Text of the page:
Trip Report    

Alpine Scramble - Goat Mountain (from Bare Mountain)

A beautiful and seldom-visited upper mountain, with stunning panoramic views. However only recommended for those not prone to complaining.

  • Road recommended for high clearance only
  • In this below average snow year, Lennox Creek was easily crossed at 2060'.  We didn't hit solid snow until 4300'.  More snow down low would make this a faster and more enjoyable trip.

Current road and route conditions made this a memorable and very long one-day adventure.   We were forewarned by USFS rangers of very deep water-filled potholes and a tree down at mile 22 of the North Fork Road, which they led me to believe was within a mile or so of the Bare Mountain trailhead.  I polled the group ahead of time about whether we should change destinations, but there was enthusiasm for attempting Goat Mountain as the first club-sponsored group since the online database was created.  The potholes were fairly continuous for 18 miles, and the road has substantially deteriorated in recent years, so that whereas prior trip reports indicated a driving time from North Bend of just over an hour, it now takes at least 1:30 not including multiple stops on the way in.  We lost time due to allowing Google Maps to take us on a gated dead-end on the logging road that parallels 5700 just to its west; I found prior TRs afterwards that warned about this.  Study your road maps ahead of time!  We had to probe the water-filled potholes, seen here from driver's perspective on the way out, to determine if we were willing to risk driving our vehicles through them.

North Fork potholes.jpg

I would not recommend this in a low-clearance vehicle unless you're looking to collect the insurance money.

We also stopped to do a little chainsaw cleanup work on the aforementioned tree, which a pirate road maintenance crew had already cleared, and which was actually more like 3 miles from the Bare Mountain trailhead.  Without their work, the extra road walk would have prevented us from summitting.   We also scouted a final washout area on Road 57 that we were able to negotiate without bottoming out, but that won't be possible if further erosion happens.

At this point after an initial meeting time of 6:30 in North Bend, we're getting our boots on at 9:15.  We planned to use Sue Shih's Peakbagger track as a guide.  We parked along the road where a spur drops to Lennox Creek.  Here the creek was forded at a shoal without any angst, slightly over knee deep in a few spots, but minimal current.  Earlier season with peak snowmelt would be a different story.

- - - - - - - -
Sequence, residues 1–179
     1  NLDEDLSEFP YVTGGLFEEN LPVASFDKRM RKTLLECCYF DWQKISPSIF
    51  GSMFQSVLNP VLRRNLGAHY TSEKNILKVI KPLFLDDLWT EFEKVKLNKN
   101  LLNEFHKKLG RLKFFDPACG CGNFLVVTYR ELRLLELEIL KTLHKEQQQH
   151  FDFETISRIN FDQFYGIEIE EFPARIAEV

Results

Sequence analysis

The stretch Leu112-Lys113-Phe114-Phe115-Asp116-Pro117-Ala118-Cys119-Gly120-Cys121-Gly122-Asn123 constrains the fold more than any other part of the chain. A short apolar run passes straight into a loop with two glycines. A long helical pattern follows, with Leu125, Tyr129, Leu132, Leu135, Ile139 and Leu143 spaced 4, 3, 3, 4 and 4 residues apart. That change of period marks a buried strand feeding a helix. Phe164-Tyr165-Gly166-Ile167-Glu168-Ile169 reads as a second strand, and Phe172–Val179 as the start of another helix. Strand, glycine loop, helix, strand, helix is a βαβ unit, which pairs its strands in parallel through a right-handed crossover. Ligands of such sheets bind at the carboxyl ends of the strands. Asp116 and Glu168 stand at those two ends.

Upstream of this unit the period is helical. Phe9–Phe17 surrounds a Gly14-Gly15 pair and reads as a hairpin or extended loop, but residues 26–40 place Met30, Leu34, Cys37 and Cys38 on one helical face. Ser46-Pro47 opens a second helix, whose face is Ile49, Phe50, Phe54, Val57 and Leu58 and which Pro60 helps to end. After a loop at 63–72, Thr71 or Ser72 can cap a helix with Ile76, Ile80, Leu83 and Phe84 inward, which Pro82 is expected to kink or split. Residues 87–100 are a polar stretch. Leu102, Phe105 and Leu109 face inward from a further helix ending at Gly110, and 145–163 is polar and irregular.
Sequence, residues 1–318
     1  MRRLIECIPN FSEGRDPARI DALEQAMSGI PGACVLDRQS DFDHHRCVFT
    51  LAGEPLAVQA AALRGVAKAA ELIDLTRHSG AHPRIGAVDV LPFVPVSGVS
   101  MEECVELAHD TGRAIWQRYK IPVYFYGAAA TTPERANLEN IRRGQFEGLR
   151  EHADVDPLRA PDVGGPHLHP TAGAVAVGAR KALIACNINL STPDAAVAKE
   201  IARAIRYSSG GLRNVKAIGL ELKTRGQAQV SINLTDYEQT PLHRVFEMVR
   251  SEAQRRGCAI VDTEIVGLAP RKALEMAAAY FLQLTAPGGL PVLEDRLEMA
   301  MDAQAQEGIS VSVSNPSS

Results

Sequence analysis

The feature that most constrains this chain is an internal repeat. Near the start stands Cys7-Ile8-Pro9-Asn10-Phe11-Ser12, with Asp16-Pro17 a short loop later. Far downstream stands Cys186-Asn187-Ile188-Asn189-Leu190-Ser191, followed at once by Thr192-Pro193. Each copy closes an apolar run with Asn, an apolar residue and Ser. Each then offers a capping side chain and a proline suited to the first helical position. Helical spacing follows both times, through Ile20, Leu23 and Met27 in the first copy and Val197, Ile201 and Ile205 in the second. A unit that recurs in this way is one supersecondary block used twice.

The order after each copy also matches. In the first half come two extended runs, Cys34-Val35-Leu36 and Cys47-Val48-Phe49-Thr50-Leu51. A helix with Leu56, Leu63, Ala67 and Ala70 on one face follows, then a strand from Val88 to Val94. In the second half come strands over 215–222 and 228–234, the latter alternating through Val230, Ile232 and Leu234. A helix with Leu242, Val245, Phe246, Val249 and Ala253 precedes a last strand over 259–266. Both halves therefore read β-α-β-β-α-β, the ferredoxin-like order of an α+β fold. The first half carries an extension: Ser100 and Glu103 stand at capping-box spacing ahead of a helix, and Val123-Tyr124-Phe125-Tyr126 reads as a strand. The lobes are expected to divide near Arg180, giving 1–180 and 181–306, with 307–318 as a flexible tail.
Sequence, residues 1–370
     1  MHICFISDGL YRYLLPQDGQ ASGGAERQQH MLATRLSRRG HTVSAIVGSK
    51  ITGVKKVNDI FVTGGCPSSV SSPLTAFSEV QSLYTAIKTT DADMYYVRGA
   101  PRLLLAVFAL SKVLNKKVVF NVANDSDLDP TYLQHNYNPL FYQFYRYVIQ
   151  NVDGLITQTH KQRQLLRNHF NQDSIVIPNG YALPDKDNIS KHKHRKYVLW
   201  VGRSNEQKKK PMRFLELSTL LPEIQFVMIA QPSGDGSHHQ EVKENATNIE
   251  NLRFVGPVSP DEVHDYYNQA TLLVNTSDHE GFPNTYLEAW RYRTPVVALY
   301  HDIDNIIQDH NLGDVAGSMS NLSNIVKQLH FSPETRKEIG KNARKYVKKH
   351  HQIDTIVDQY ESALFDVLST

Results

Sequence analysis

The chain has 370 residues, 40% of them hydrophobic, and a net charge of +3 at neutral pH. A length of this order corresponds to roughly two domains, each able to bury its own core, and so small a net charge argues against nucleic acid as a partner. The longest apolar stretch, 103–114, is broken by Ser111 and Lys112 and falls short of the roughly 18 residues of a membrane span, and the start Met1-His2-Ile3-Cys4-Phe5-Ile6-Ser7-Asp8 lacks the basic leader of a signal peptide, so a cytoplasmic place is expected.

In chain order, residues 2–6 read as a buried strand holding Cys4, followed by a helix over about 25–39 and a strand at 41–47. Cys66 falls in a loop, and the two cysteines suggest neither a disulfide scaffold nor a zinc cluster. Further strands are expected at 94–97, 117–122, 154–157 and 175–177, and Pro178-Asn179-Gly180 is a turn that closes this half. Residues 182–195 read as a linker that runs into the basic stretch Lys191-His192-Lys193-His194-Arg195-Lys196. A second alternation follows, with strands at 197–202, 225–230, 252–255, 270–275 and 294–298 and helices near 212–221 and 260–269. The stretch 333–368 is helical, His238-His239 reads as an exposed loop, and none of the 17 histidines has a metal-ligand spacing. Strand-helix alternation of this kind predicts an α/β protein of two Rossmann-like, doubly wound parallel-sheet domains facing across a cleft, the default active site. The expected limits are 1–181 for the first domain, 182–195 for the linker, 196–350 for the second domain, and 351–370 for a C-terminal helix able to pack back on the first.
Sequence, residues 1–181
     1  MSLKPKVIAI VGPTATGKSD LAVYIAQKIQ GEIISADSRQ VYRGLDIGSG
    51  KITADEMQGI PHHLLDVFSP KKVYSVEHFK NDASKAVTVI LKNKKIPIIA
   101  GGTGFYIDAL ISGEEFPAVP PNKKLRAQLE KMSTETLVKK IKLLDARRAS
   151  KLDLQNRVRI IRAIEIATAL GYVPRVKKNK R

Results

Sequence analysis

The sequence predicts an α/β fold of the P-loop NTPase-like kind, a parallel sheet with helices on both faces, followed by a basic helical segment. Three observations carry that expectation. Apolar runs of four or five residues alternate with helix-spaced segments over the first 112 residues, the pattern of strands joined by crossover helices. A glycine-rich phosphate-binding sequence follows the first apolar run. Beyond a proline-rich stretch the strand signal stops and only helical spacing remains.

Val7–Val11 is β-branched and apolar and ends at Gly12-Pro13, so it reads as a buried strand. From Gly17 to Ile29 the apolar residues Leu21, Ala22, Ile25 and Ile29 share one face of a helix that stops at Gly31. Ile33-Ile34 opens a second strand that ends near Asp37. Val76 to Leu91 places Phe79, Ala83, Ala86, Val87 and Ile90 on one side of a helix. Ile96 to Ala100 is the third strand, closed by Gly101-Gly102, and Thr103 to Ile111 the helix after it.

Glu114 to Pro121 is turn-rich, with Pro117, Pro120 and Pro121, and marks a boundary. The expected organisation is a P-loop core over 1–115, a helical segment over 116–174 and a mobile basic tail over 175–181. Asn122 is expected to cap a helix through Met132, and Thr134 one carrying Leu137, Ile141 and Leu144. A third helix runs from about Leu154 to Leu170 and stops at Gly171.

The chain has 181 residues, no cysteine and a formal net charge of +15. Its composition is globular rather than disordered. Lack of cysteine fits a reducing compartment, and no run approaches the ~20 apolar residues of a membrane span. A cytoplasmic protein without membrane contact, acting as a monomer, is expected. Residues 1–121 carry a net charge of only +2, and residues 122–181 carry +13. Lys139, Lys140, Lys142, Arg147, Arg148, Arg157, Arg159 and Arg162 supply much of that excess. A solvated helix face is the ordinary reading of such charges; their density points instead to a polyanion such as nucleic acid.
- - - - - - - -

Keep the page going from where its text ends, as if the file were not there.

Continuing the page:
Lennox Creek.jpg

At this point you must prepare yourself for a long stretch of time-consuming routefinding through mostly second growth with ample blueberry bushes, rarely thick enough to impede your progress, but slow going nonetheless.  The occasional old growth remains:

old growth.jpg

Find the "old" growth in the above photo

We finally hit solid snow at 4300' and the pace quickened and views rapidly improved.   One somewhat exposed narrow section (shown upon return) mandated ice axes, as did the final step up to the summit ridge.



near summit.jpg
We were unsure if we had enough day left to safely get off the mountain and out of the worst road sections before dark.  Thanks to some strong step-kickers and group decision to extend our turnaround time twice, we summitted to views of 4 volcanos and a commanding perspective towards the alpine lakes area at 4 p.m. 


Labeled panos courtesy of Rizka:

pano 1.jpg

pano 2.jpg

We enjoyed "pie in the sky" courtesy of Andy:


A summit treat more suitable for March 14th

A closer look reveals Andy to be a bargain shopper.

pie + Rainier.jpg

It tastes even better when you've earned it.

From there it was a bit over 4 hours of focused attention to get us back to the creek crossing at 8:30, and out the sketchy road sections before dark, with a long drive home still awaiting us.   We lugged snowshoes but didn't use them.   While I rated this marathon trip a 4 for views and camaraderie, I think we would all echo the sentiments of Fleetwood Mac: "Never goin' back again".